Author: Steven J. Cernak
In addition to being a full-time antitrust attorney at Bona Law PC, I have taught at least one antitrust course every year since 2009 at three different Michigan law schools. As I prepare for another semester, I had reason to return to an article I wrote six years ago. There, I captured my thoughts on the practical benefits to all future lawyers, not just members of the antitrust community, from taking a well-taught antitrust course. In that article — Antitrust Courses Can Teach Valuable Practical Skills – If Taught Well — I made the case for using hypothetical materials to teach both the law and practical counseling and advocacy skills that any new lawyer can use.
In the intervening six years, I have continued that practice in many seminar and survey courses, always using my Antitrust Simulations book and its hypothetical materials based on some of my past antitrust matters. I still think my original conclusions in the article are valid; however, other aspects of teaching antitrust law have changed, as I explain below.
Six years ago, one of my premises was that law schools, under pressure from employers and accreditation bodies to graduate students more “practice-ready,” would be incorporating experiential learning in many more of their classes. Based on comments from my admittedly small sample of students, that trend seems to have slowed. At least at schools where the majority of the faculty are not current or former practitioners, students have commented that my class is the most practical one they have taken. It appears that experiential learning is still being outsourced exclusively to legal practice classes and clinics. If so, that is too bad, for the reasons explained in my original article — after all, most graduates even from top schools will spend their careers counseling clients and meeting with regulators, not writing law review articles and clerking for justices.
One unfortunate trend among some students is what I call “the Google-ization of legal thinking.” I refer to the idea that all legal matters can be easily solved by simple application of rules or black letter law or that a perfectly formed query will spit back “the” answer. Such an attitude is especially troublesome in antitrust where more than a century of shifting caselaw based on short statutes turns most questions outside of naked price fixing into grey areas requiring extended consideration.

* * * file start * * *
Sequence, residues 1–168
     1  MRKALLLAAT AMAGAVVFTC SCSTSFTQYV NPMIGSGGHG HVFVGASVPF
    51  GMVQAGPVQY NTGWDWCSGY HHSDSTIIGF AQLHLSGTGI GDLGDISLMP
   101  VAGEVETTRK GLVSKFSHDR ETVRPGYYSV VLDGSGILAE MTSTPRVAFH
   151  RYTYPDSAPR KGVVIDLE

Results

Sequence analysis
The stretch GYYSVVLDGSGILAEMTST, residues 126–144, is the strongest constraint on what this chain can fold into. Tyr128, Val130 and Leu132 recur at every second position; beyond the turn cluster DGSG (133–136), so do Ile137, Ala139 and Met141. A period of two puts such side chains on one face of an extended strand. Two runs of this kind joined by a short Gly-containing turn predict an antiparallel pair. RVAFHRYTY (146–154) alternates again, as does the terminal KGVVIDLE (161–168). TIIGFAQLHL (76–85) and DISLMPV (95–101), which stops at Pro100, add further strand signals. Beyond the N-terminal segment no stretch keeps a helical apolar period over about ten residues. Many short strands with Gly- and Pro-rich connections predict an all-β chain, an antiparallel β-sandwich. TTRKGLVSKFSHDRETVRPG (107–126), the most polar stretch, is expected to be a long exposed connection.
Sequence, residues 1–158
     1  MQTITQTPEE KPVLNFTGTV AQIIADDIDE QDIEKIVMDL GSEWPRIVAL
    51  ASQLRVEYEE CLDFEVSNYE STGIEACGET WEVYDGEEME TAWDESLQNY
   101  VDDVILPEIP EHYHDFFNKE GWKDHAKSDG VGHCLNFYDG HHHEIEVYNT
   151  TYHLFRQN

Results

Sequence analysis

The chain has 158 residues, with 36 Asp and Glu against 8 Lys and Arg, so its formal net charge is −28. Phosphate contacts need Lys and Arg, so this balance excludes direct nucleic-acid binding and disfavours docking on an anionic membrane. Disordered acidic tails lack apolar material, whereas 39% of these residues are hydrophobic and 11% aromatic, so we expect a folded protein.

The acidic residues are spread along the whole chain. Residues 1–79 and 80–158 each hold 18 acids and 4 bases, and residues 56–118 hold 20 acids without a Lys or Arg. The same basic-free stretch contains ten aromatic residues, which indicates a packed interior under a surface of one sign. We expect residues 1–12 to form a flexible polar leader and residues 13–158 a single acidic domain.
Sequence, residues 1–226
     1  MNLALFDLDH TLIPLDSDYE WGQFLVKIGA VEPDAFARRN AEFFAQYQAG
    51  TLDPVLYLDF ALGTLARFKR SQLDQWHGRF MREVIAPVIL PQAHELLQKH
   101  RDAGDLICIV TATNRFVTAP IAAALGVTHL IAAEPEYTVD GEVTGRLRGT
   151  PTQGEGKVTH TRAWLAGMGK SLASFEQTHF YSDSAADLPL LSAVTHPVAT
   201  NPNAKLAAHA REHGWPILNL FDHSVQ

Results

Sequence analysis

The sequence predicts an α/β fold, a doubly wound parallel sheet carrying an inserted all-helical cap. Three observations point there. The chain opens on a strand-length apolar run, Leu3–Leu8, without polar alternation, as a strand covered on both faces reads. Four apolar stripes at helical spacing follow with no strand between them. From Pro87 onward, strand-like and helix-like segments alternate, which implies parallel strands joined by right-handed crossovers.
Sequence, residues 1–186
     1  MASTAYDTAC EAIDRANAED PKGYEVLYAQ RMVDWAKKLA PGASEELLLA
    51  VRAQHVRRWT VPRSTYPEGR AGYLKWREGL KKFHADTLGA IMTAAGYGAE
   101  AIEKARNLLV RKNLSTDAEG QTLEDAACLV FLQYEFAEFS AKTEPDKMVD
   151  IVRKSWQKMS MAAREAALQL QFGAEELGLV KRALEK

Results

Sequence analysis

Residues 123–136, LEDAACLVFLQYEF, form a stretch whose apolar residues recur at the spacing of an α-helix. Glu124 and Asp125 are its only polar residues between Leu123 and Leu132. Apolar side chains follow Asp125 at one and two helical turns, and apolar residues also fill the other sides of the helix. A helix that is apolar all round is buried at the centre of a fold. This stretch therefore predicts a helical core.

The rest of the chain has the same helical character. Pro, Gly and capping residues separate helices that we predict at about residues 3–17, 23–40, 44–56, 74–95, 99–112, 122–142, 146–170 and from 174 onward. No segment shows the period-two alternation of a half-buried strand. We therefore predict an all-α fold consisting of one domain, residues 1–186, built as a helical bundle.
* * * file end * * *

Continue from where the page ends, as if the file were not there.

I try to counter this tendency in two ways. First, I quote Prof. Daniel Crane and his reaction to students who complain he did not teach enough antitrust black letter law: “This is the marker of the student who has not ‘gotten it.’ There is relatively little black letter law in antitrust law. (Some would say there is relatively little law in antitrust law.)”
Second, discussion of the hypothetical material allows the students to see that changing the facts slightly can lead to a different conclusion. For instance, all my classes end up discussing a hypothetical set of facts and whether it adds up to an “agreement” under the antitrust laws. After the students have reviewed the facts, I “poll the jury” and ask a few students which fact was the one that convinced them. I then ask if their opinion would change if that fact were absent or changed. The students then begin to understand that answers to some questions require gathering and evaluating various bits of evidence, not searching for the one right answer.
Another unfortunate trend among still a minority of students is the “Twitter-ization of legal thinking.” Here, some students will start from a strongly held premise that can be described in under 280 characters (“all government intervention is bad”; “I don’t like that unfair result so antitrust law should change it”) and then reason backwards so that all matters are consistent with that premise. This development seems to be correlated with, and perhaps caused by, the increased amount of questionable “anti-trust” coverage in the general media in the last six years. Here, discussion of the hypothetical material and a polling of the class (in-person or virtually) can at least show that other students have different opinions and good reasons for them.
One fortunate trend that has remained true since 2009, which I did not emphasize enough in the original article, is how much I learn from teaching and how that helps my antitrust-counseling practice. For instance, that same “agreement” hypothetical discussed above is a lightly-edited version of a real case where my clients were accused of an illegal agreement. The plaintiff’s theory included assertions that evidence of my client telling competitors “we will act independently” were actually subtle head fakes meaning “we agree with you.” When told of the theory, my client said “yeah, if only we were that smart.”
While my client and I dismissed the theory as a conspiracy fantasy, in every class at least some (but never all) students develop the same theory from similar facts. I try to explain that Occam’s Razor — and my decades of experience of hanging around businesspeople — make it much more likely that businesspeople have neither the time nor the smarts to pull off such an elaborate ruse. But years of teaching this hypothetical, eventually, taught me two lessons: my intuition might not always be right and sometimes some actors might be able to pull off such a conspiracy; and, even if I am right, if enough members of a jury think such a conspiracy is possible, my clients would be in trouble. As a result, I have come to emphasize potential “misimpressions” of any actions in my counseling more than in the past.
Just more proof that antitrust classes, properly taught, can teach practical lessons, both to new and more seasoned attorneys.